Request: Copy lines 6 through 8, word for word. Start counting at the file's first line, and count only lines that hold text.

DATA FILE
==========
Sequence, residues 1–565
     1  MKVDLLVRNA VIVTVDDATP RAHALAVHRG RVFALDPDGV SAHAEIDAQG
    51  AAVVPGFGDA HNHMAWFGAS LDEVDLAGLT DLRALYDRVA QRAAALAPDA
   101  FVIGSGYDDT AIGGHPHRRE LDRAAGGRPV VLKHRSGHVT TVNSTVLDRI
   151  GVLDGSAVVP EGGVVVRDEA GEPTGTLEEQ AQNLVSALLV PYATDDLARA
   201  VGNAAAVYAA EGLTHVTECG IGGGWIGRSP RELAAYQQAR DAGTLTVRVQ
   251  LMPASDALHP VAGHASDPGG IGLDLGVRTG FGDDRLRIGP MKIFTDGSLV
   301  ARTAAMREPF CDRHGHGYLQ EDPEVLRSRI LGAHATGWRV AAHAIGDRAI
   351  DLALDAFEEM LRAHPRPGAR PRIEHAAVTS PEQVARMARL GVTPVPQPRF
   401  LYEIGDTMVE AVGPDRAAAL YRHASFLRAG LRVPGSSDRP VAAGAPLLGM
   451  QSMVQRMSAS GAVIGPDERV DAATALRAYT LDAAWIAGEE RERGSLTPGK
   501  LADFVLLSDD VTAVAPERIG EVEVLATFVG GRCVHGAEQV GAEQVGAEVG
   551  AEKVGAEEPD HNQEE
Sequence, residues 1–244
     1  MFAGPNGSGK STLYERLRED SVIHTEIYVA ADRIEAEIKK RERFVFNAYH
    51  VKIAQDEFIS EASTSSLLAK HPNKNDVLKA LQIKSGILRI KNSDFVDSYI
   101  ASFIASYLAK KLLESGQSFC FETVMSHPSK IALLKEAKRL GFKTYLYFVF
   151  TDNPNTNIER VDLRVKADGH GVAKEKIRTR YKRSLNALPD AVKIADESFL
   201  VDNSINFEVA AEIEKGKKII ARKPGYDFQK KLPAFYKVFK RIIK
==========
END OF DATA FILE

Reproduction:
   201  VGNAAAVYAA EGLTHVTECG IGGGWIGRSP RELAAYQQAR DAGTLTVRVQ
   251  LMPASDALHP VAGHASDPGG IGLDLGVRTG FGDDRLRIGP MKIFTDGSLV
   301  ARTAAMREPF CDRHGHGYLQ EDPEVLRSRI LGAHATGWRV AAHAIGDRAI